By the term "skepticism" I do not refer to the classical philosophical position which denies that reliable knowledge is possible. Rather, I use the term "skepticism" to refer to skeptical inquiry. There is a contrast between two forms of skepticism, (1) that which emphasizes doubt and the impossibility of knowledge, and (2) that which focuses on inquiry and the genuine possibility of knowledge; for this latter form of skepticism ("the new skepticism," as I have labeled it),1 skeptical inquiry is essential in all fields of scientific research. What I have in mind is the fact that scientific inquirers formulate hypotheses to account for data and solve problems; their findings are tentative; they are accepted because they draw upon a range of confirming evidence and predictions and/or fit into a logically coherent theoretical framework. Reliable hypotheses are adopted because they are corroborated by a community of inquirers and because the tests that confirm them can be replicated. Scientific hypotheses and theories are fallible; and in principle they are open to question in the light of future discoveries and/or the introduction of more comprehensive theories. The point is that we have been able to achieve reliable knowledge in discipline after discipline because of the effective application of skeptical inquiry.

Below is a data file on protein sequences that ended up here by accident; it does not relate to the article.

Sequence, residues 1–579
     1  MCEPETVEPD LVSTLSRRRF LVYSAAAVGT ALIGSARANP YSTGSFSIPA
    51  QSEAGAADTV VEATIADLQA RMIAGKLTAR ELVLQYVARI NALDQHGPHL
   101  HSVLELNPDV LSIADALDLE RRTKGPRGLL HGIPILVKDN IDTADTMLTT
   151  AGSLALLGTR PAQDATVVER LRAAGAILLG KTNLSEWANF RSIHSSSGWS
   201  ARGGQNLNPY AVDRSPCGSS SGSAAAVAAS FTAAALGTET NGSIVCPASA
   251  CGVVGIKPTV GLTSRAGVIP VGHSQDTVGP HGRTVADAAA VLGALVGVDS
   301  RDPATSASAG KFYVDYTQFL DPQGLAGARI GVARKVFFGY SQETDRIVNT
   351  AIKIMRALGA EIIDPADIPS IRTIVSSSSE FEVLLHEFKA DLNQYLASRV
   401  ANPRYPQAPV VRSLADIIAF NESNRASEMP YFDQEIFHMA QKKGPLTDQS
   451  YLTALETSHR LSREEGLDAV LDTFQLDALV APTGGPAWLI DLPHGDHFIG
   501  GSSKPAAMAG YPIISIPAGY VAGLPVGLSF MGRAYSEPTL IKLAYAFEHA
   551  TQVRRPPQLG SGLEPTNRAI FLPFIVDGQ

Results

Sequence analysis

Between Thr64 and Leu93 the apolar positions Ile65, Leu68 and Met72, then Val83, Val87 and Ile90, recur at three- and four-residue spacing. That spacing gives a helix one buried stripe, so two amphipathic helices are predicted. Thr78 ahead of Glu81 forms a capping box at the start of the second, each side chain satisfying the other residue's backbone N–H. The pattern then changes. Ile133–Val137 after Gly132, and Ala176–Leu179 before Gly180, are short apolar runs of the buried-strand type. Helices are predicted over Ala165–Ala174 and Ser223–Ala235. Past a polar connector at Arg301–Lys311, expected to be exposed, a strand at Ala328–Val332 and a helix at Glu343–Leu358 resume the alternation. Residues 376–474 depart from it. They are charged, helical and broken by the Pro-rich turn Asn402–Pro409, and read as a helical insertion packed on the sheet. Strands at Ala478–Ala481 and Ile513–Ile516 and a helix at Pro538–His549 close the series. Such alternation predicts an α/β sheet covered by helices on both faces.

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source: Skeptical Inquirer magazine